From the Studio

Senior folk singer began street performing as a teenager

Nalae White | Staff Photographer

Julia Newman, a senior television, radio and film major, taught herself how to play the guitar and ukulele. Her music normally falls under the folk genre, but at times she also performs country and pop.

Growing up, Julia Newman watched as her grandma and older sister played piano. Early on she began taking piano and voice lessons herself, eventually getting involved with musical theater. It was in her junior year of high school that Newman began to write songs and teach herself guitar and ukulele, sparking her independent music career. From there, she began street performing in her hometown of Nantucket, Massachusetts, eventually booking night gigs at different restaurants around her town.

“To put yourself out there, in any way, is always scary,” Newman said. “There’s always going to be nights that are better than others, but to get positive feedback and to watch people enjoy your music is such a fantastic feeling.”

Newman, a senior television, radio and film major, stands out among other musicians her age because she categorizes her songs as folk — a genre often synonymous with music from her parents’ generation. However, depending on the song, the sound can alter and occasionally fall under the styles of country and pop as well. Though she hasn’t recorded yet, she is working on producing a few of her songs as her capstone project.

As a songwriter and artist, Newman’s inspiration comes from other songwriters and artists. Recently, the artist LP — which stands for Laura Pergolizzi — has captured her attention the most, but The Lumineers and Kacey Musgraves influence her songwriting as well.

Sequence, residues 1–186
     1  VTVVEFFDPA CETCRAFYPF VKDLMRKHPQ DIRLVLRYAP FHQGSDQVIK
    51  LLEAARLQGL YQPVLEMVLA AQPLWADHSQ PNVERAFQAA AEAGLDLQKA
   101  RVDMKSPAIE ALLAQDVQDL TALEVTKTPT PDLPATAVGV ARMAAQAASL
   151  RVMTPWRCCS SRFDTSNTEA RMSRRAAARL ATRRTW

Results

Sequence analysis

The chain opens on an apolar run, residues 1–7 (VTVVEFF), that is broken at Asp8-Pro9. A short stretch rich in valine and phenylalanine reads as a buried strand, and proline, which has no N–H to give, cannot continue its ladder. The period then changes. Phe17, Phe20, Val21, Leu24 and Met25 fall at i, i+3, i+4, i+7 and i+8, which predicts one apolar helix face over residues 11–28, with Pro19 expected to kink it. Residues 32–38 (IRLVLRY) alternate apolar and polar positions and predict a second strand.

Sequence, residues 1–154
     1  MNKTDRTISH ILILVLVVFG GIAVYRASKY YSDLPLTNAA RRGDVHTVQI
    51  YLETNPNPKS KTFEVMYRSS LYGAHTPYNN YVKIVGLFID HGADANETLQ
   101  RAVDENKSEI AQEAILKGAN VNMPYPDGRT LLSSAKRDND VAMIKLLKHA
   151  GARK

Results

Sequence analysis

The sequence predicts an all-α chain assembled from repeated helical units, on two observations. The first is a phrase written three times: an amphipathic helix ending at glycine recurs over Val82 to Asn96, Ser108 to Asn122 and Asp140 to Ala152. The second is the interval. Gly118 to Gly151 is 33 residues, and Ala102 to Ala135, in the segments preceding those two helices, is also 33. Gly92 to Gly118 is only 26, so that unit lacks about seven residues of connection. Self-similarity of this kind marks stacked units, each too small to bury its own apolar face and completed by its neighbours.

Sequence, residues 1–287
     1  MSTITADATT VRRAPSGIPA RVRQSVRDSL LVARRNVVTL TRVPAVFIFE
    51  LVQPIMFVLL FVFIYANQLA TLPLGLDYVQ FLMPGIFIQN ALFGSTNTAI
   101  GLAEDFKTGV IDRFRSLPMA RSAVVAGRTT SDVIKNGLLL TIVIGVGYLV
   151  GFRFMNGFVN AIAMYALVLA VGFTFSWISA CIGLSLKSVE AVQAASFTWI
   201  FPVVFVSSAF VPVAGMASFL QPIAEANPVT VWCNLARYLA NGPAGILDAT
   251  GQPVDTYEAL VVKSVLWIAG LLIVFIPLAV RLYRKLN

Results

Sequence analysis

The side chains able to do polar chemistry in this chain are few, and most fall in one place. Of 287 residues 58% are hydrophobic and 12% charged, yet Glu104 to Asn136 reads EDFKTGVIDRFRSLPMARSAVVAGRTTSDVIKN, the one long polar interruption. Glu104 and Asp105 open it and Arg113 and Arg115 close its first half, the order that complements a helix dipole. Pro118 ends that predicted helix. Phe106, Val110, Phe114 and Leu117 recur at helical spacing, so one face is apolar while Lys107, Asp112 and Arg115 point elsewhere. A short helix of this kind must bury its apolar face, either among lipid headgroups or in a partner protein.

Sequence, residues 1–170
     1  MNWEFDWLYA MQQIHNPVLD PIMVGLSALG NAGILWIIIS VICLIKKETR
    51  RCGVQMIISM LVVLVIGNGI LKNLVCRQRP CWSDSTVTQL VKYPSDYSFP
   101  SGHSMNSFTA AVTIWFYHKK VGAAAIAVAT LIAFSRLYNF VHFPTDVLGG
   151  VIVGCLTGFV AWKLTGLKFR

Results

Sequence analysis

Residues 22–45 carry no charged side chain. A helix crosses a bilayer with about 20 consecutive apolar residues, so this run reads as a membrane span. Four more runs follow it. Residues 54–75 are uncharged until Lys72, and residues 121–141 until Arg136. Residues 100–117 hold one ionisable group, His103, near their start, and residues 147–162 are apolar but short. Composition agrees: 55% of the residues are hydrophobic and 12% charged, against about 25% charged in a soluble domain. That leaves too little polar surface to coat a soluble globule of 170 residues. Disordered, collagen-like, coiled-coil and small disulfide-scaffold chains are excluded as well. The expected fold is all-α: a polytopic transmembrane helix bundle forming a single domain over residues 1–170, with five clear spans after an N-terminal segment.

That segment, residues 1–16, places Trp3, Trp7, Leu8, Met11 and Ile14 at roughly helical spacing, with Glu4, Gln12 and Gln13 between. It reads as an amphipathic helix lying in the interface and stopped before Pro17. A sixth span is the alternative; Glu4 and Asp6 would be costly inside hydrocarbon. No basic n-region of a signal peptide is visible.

“The way these artists can capture a story and sound through unique and brilliant songwriting is what I always strive for,” Newman said. “But also my inspiration comes from hearing music from my friends. Being exposed to different genres and styles is always important.”

As a common theme by many artists, it comes as no surprise that one of the biggest topics that Newman finds herself writing about is love and the various pains or pleasures that come with it. She also writes about family, different discoveries she makes, people she meets or her own life experiences. At times she combines songwriting with creative writing, making up her own stories.

With graduation looming in a few months, Newman is not quite yet sure how music is going to fit into her future, but she hopes to never stop writing and playing.

“If I could make a career as a songwriter or musician, that would be awesome. If I could fit in somewhere else in the music industry that would be great as well, or it could be kept more as a passion as I pursue other things. Just have to see how it works out,” Newman said.

Although she performs many of her own original songs, she plays the occasional cover, too. Her favorites include Kenny Chesney’s “Somewhere With You,” and “Wagon Wheel” by Darius Rucker.

Newman’s older sister, Jenah, is also a musician, but she has enjoyed watching Newman excel and occasionally will harmonize a tune with her when the two are together, just for fun.

“Julia has an uncanny ability to connect with her audience. Her voice is so refreshing. She has so many beautiful intricacies about her voice that make any song she is singing captivating,” said Jenah, including that Newman’s lyrics are always relatable and true.

Whitney Harrigan, a senior accounting and finance double major, met Newman freshman year in First Year Players. The two are now roommates, and Harrigan, although used to hearing Newman sing, also believes that Newman is a great performer.

“She just emotes with her face and uses good facial expressions,” said Harrigan. “And her songs are really catchy.”


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